Recipes for extending power: how presidents changed the Constitution in the countries of the former USSR
Russian President Vladimir Putin has proposed a constitutional amendment. Changing the basic law is a popular initiative among post-Soviet leaders who are about to expire. Writes about it with the BBC.
Russia is no exception: in 2008, the presidential term was increased to six years.
This extension of presidential terms is the secret of the long tenure of many leaders of the former USSR.
However, now we are talking about strengthening the parliament at the expense of the president. Experts suggest that this could mean keeping Putin in power after 2024, but in a new capacity.
As an example, they recall Kazakhstan, where in the past permanent president Nursultan Nazarbayev retains power as the head of the Security Council and the ruling party.
But the experience of the region shows that such scenarios can get out of control, as in Georgia and Armenia, where the leaders who started the transition to a new quality have lost power and even become defendants in criminal cases.
The rapidly changing constitution of Ukraine
If in the Baltic countries the constitutions practically did not change since their adoption after the collapse of the USSR, then Ukraine changed the basic law often - although it adopted a new Constitution instead of the Soviet one only in 1996.
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The first change was initiated by the second president of the country, Leonid Kuchma. In 2000, on his initiative, a referendum was held in which voters voted to expand the president’s powers to dissolve parliament and other changes. But the Verkhovna Rada ignored the results of the vote, and they did not introduce amendments to the Constitution.
The form of government was changed only after the Orange Revolution of 2004, when the powers of the president were cut in favor of parliament and the government.
After Viktor Yanukovych won the presidential elections in 2010, the country briefly returned to its previous form of government. After the flight of the fourth president to Russia, part of the functions of the head of state was again curtailed - the country returned to the 2004 Constitution.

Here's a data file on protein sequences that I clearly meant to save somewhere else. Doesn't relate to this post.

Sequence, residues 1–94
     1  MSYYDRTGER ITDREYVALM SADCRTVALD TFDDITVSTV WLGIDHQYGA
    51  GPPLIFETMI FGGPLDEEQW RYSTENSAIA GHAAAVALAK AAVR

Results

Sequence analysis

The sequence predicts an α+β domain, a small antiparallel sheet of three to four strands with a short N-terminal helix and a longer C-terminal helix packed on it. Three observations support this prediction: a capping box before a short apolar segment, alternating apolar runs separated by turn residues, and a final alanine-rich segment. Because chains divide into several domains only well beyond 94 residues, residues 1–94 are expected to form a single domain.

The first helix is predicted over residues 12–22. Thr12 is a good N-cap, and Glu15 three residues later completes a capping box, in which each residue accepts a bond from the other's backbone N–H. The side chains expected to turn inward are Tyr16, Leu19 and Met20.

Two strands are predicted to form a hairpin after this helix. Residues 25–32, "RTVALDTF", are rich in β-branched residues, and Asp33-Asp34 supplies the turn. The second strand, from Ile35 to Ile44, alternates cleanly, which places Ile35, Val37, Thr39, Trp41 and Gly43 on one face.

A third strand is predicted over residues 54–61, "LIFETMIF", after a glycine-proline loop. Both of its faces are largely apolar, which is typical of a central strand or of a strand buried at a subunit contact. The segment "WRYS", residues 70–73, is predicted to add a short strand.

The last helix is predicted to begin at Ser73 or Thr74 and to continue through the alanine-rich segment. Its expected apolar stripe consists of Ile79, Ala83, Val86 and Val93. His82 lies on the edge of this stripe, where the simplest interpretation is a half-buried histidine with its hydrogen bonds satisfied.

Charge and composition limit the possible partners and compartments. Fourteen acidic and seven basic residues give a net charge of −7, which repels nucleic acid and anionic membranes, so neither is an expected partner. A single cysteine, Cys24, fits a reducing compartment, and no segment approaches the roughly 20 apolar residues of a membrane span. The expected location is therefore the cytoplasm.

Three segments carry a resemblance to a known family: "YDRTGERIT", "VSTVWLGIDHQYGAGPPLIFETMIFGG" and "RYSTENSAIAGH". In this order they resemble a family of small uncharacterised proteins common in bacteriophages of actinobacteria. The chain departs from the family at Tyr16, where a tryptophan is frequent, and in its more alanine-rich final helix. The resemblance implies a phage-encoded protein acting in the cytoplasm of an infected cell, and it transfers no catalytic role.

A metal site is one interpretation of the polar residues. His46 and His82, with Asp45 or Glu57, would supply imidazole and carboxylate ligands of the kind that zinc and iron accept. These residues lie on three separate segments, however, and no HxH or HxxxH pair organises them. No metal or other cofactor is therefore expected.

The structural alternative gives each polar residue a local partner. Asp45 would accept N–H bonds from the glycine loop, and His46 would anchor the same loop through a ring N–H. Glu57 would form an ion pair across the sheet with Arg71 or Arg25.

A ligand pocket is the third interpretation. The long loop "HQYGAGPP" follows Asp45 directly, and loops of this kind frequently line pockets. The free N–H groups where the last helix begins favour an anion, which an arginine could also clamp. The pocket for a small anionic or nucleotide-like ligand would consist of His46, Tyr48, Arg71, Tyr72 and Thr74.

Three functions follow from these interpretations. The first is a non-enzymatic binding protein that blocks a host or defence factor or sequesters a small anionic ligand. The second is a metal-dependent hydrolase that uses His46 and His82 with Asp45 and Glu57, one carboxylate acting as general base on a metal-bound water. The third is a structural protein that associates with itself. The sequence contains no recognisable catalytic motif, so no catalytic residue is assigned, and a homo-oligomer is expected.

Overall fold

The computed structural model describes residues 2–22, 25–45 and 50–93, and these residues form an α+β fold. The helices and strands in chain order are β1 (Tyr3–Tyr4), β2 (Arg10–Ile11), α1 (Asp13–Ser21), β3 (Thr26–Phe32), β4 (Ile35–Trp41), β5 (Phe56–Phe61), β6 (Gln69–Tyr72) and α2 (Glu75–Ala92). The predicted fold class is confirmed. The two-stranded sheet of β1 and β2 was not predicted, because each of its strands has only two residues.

Simple extension - from Minsk to Ashgabat
Presidential terms have not only been extended in Russia - this is one of the most popular tactics of expiring leaders.
Thanks to such amendments, as well as the abolition of restrictions on the number of terms, Alexander Lukashenko and Emomali Rahmon have been continuously leading Belarus and Tajikistan for 25 years, respectively, and Ilham Aliyev has been heading Azerbaijan for 16 years.
In Kazakhstan, constitutional amendments allowed Nursultan Nazarbayev to remain in power from the time of the collapse of the USSR until 2019.
In Turkmenistan, Saparmurat Niyazov became president for life and died in this position, and under the successor of Turkmenbashi, the presidential term was extended.
Strengthening Parliament - Lessons from the South Caucasus
A number of post-Soviet republics have already limited the president’s powers in favor of parliament, in which case leaders were suspected of trying to stay in power in a new capacity.
In Georgia, during his second term, Mikheil Saakashvili initiated the transfer of key powers from the president to parliament and the government.
The opposition then accused Saakashvili of trying to maintain power by transferring to the prime minister’s chair. However, the presidential party lost the election, and he soon left the country, becoming a defendant in a criminal case.
Similarly, in Armenia, during the second presidential term of Serzh Sargsyan, a referendum was launched on the transition to a parliamentary republic.
Sargsyan promised that he would not try to become prime minister, but changed his mind shortly before the end of his powers and was elected head of government in a parliament loyal to him.
This move provoked massive protests, and Sargsyan resigned after spending only six days in the prime minister’s chair. Now the former president, a number of his relatives and associates are under investigation.
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